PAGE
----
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Released: February 15 2022
Genre: Historical Romance
Series: The Secret Scientists of London #2
“Victorian women in STEM is a romance sub-genre I will gladly get behind.”~ Under the Covers
“Everyone knew a woman’s place was in charge, if you want something done right.”
A Perfect Equation, the second book in Elizabeth Everett’s Secret Scientists of London series, picks up about a year after the events of A Lady’s Formula for Love. When Violet and Arthur Kneland have need to leave London, Violet has to leave someone in charge of Athena’s Retreat while they’re gone. Enter Miss Letitia Fenley and Lord William Hughes, the Viscount of Greycliff. Both have their own reasons for protecting the women’s social club. And both can’t stand the other. But just as quickly as their truce unravels, it can be stitched together again with unspoken words, soft caresses, and truths revealed. As outside forces threaten the ladies’ secret society and a ghost from Letty’s past returns to threaten her dreams, Letty and Grey will find themselves unexpectedly on the same side – and in each other’s hearts.
I loved Violet and Arthur’s story in A Lady’s Formula for Love, so I was excited to see where the story went as Everett focused on new main characters. That being said, readers will really want to read the first book before embarking on A Perfect Equation. While the main characters are different, Everett frequently mentioned prior events and referenced things even the secondary characters did in the previous novel. While readers can follow Letty and Grey’s romance without having read the first book, much of the little details and throwaway comments from the characters will be lost on any reader who hasn’t read A Lady’s Formula for Love.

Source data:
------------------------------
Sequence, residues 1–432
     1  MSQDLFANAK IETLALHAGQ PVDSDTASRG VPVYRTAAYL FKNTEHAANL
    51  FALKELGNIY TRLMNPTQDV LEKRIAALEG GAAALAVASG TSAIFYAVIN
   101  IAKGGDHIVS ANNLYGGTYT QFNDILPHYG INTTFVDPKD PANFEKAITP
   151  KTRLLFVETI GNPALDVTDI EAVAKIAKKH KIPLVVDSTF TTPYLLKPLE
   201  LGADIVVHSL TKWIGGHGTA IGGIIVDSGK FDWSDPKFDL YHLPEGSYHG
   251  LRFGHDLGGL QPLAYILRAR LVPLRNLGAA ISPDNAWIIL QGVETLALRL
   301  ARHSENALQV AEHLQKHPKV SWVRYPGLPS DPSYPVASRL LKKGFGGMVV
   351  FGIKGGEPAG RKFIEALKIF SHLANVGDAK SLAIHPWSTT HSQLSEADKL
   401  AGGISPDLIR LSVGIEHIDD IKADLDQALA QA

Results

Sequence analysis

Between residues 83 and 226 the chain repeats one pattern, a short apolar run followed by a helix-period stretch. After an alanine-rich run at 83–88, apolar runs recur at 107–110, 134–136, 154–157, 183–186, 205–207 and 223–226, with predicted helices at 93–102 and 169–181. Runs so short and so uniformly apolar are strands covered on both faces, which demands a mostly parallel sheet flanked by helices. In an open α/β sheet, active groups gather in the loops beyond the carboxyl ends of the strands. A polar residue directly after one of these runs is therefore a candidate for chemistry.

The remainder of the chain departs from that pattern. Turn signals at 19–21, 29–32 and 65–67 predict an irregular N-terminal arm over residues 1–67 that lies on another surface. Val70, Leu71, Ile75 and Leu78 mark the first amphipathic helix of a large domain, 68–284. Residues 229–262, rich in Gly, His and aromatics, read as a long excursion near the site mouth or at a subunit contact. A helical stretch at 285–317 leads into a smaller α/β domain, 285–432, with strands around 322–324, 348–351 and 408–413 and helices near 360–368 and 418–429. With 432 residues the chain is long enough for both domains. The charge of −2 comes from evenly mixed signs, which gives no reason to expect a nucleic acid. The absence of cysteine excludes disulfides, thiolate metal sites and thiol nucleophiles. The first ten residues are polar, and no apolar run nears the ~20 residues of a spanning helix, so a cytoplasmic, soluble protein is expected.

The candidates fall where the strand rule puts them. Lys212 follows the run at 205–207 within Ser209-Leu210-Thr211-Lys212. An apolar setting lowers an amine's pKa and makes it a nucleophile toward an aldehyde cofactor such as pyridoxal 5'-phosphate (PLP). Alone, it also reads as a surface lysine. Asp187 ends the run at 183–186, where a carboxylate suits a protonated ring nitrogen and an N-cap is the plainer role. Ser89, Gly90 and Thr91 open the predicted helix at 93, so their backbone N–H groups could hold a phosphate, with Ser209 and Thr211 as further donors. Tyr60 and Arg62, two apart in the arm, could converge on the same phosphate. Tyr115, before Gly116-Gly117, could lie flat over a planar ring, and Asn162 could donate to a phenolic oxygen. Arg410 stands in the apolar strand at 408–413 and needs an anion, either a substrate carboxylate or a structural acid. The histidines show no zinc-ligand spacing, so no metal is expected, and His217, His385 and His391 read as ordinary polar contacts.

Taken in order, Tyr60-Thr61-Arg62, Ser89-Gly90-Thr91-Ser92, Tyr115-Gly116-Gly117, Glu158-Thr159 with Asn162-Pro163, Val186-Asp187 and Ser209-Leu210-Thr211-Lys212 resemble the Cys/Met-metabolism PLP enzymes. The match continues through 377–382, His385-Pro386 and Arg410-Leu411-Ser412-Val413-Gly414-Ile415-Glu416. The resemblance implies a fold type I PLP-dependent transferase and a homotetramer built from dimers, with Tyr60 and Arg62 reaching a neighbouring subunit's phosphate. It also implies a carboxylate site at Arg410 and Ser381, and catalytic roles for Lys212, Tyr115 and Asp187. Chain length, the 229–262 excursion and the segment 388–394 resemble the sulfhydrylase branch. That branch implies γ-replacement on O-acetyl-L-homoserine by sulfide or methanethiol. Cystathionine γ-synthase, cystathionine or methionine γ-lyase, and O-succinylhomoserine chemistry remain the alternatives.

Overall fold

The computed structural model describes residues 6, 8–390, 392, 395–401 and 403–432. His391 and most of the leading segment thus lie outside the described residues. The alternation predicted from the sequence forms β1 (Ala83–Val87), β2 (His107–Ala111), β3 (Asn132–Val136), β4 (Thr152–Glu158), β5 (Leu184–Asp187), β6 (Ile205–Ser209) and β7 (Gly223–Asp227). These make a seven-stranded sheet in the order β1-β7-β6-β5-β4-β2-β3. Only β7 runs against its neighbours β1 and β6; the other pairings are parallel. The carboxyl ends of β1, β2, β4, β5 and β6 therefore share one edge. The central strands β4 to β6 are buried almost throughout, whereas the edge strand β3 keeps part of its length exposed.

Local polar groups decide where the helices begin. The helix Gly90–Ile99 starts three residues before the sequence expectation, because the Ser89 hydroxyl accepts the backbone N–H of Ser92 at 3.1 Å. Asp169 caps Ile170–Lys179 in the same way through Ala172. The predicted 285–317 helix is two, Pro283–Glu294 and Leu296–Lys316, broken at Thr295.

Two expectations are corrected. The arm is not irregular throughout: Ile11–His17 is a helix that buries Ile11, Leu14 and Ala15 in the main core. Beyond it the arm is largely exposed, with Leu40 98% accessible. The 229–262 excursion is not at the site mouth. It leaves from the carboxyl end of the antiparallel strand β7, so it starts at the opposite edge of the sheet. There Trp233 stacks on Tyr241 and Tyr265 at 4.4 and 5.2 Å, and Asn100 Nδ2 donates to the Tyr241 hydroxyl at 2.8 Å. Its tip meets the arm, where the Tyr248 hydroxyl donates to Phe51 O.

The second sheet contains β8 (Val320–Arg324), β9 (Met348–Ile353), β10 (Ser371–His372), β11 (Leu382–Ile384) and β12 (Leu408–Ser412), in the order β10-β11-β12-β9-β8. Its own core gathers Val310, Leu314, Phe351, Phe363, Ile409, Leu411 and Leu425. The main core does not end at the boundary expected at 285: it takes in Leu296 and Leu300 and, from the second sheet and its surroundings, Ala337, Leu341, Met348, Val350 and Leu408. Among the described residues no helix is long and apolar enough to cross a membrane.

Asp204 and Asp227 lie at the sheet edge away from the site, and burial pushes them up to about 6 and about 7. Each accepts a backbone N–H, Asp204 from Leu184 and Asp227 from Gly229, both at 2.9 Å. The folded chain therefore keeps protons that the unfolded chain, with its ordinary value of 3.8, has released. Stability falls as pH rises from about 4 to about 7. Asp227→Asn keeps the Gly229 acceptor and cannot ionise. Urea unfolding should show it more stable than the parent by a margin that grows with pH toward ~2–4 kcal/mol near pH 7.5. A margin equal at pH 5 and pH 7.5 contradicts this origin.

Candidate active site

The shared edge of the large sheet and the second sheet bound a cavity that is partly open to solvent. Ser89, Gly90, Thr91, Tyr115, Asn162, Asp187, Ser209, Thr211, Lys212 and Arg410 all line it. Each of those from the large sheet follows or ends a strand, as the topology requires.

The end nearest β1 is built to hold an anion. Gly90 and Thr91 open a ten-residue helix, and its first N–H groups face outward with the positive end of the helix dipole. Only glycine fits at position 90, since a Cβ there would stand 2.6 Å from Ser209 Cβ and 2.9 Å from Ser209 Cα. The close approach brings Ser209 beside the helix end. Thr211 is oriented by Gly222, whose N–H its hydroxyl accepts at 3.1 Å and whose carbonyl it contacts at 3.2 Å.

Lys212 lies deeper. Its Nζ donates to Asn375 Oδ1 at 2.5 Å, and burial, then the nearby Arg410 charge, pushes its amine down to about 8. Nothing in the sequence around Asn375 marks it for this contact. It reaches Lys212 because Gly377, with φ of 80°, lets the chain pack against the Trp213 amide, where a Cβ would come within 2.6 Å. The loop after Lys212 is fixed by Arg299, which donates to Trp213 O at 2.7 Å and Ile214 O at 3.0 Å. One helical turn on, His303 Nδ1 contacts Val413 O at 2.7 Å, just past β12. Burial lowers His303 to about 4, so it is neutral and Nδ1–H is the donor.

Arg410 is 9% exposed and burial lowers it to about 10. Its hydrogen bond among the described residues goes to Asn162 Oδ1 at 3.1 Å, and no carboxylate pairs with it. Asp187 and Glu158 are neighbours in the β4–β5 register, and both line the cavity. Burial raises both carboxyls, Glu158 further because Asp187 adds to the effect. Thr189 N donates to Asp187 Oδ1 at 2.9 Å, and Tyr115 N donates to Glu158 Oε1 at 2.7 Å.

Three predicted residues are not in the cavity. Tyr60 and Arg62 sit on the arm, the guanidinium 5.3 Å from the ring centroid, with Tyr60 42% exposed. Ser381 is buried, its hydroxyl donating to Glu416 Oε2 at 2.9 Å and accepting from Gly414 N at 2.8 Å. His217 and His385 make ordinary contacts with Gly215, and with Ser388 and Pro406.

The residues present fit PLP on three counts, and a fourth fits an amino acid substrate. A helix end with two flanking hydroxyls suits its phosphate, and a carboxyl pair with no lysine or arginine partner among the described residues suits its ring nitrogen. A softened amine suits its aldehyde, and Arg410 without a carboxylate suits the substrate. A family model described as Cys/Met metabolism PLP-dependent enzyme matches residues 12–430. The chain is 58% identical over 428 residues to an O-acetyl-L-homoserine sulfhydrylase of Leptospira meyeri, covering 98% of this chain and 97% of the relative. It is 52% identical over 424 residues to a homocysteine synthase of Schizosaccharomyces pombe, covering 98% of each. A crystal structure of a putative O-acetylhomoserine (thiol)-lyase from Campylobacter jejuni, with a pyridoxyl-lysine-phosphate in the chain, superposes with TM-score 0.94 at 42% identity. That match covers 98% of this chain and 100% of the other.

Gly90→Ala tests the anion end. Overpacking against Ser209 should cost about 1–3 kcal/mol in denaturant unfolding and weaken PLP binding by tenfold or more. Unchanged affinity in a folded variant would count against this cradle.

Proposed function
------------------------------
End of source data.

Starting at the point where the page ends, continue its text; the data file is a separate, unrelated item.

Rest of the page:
I really enjoyed Grey and Letty as main characters. Letty has a no-nonsense, take no prisoners attitude when it comes to men in general, but her hackles were more than raised the second Grey entered a room. Everett created such palpable tension between the two that you just knew it was going to be explosive if they ever gave into their chemistry. I thought Everett did a fantastic job fleshing out their stories; Letty and Grey’s lives might have crossed paths in the past, but that history played out so well in this book. There is a very strong misunderstanding/misinformation trope running throughout their story, so fans of that trope will especially love watching Grey and Letty get together.
Everett’s writing continues to be entertaining and socially aware. I absolutely love this series for the strong and intelligent women it features, women who are at the front of their science and mathematics fields. Women who are on the forefront of advancement, yet have to fight society for their spot. Victorian women in STEM is a romance sub-genre I will gladly get behind.
There are plenty of things to love about A Perfect Equation: strong women who know their rightful place, entertaining scenarios for pretty much every character, and some great representation. If you enjoy historical romance as well as smart (and sharp) women in STEM, this newest release from Elizabeth Everett will surely be an entertaining read for you.
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